The Alma-class ships had a single horizontal return connecting-rod steam engine driving a single propeller. Their engine was powered by four oval boilers.[4] On sea trials the engine produced between 1,585–1,896 indicated horsepower (1,182–1,414 kW) and the ships reached 10.48–11.99 knots (19.41–22.21 km/h; 12.06–13.80 mph).[2] Unlike the single funnels of the others, Jeanne d'Arc and Thétis had two funnels, mounted side-by-side.[3] The ships carried 250 metric tons (250 long tons)[4] of coal which allowed the ship to steam for 1,310–1,620 nautical miles (2,430–3,000 km; 1,510–1,860 mi) at a speed of 10 knots (19 km/h; 12 mph). They were barque-rigged with three masts and had a sail area between 1,338–1,454 square meters (14,400–15,650 sq ft).[2]


The ships mounted four of their 194-millimeter Modèle 1864 breech-loading guns in the central battery on the battery deck. The other two 194-millimeter guns were mounted in barbettes on the upper deck, sponsoned out over the sides of the ship. The four 120-millimeter (4.7 in) guns were also mounted on the upper deck.[3] Alma is the only ship positively known to have exchanged her 194 mm guns for newer Modèle 1870 guns.[1] The armor-piercing shell of the 20-caliber Mle 1870 gun weighed 165.3 pounds (75.0 kg) while the gun itself weighed 7.83 long tons (7.96 t). The gun fired its shell at a muzzle velocity of 1,739 ft/s (530 m/s) and was credited with the ability to penetrate a nominal 12.5 inches (320 mm) of wrought iron armour at the muzzle. The guns could fire both solid shot and explosive shells.[5]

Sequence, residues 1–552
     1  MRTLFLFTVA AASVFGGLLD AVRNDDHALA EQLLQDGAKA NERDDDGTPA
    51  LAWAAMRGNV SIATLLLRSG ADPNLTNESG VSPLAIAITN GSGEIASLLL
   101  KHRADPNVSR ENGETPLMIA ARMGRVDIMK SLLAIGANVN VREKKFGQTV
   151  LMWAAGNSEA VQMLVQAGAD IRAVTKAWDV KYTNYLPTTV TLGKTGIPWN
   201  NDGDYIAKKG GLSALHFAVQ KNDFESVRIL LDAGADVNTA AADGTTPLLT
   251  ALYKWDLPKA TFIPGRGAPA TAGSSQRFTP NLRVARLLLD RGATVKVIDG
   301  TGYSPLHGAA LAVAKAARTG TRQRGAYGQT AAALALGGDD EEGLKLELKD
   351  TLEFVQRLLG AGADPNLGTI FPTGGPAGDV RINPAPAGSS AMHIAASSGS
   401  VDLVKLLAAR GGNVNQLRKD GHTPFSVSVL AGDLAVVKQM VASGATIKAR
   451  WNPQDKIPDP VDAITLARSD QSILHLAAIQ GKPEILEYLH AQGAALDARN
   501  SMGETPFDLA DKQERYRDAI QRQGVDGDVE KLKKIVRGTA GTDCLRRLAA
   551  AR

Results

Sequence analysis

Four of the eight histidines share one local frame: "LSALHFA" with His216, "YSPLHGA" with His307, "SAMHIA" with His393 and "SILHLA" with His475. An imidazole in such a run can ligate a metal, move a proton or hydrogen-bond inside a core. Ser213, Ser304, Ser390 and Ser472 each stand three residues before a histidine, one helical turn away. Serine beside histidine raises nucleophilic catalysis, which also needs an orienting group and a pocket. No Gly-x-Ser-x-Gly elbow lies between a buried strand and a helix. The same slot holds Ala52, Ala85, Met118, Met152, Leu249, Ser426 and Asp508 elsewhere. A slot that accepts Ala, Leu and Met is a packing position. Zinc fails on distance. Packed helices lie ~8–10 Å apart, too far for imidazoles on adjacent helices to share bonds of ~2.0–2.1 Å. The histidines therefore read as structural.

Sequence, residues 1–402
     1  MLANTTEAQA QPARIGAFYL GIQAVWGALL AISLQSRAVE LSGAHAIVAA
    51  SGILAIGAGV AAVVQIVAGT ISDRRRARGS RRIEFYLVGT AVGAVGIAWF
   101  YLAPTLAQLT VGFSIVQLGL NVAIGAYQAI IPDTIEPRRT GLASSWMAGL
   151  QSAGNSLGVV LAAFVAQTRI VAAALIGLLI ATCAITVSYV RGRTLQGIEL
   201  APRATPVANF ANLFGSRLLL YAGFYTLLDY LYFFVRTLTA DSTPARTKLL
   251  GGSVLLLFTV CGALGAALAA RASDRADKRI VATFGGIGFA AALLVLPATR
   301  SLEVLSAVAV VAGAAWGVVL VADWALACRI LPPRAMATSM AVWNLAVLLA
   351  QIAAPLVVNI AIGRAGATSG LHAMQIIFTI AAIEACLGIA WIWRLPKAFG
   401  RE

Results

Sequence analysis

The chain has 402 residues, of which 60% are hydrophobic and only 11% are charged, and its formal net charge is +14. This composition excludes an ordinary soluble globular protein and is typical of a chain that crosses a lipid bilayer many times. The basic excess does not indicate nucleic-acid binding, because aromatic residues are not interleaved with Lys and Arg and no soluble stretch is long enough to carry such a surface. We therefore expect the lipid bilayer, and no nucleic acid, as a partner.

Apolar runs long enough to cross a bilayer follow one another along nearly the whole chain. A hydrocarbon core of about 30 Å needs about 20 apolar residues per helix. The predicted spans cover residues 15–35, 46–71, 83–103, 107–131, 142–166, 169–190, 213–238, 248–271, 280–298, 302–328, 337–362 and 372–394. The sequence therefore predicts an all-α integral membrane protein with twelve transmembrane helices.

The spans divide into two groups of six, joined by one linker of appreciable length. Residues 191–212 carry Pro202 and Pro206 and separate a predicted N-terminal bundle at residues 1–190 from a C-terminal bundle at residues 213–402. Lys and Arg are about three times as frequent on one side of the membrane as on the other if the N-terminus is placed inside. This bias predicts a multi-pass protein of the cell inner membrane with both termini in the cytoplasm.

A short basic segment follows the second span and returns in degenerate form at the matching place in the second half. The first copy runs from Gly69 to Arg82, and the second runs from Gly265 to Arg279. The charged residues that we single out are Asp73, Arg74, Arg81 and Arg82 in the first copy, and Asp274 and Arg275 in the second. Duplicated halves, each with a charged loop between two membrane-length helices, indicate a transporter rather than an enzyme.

The Alma-class ships had a complete 150-millimeter (5.9 in) wrought iron waterline belt, approximately 2.4 meters (7.9 ft) high. The sides of the battery itself were armored with 120 millimeters (4.7 in) of wrought iron and the ends of the battery were closed by bulkheads of the same thickness. The barbette armor was 100 millimeters (3.9 in) thick, backed by 240 millimeters (9.4 in) of wood.[3] The unarmored portions of their sides were protected by 15-millimeter (0.6 in) iron plates.[4]


Ship Builder Laid down Launched Commissioned Fate
Alma Lorient 1 October 1865 26 November 1867 1870 Sold May 1893
Armide Rochefort 1865 12 April 1867 1868 Used in gunnery trials 1886
Atalante Cherbourg June 1865 9 April 1868 1869 Condemned 1887 in Saigon
Jeanne d'Arc Cherbourg 1865 28 September 1867 1869 Condemned 28 August 1883
Montcalm Rochefort 26 October 1865 16 October 1868 1869 Condemned 2 April 1891
Reine Blanche Lorient 1865 10 March 1868 1869 Condemned 12 November 1884
Thétis Toulon 1865 22 August 1867 1868 Hulked after 1885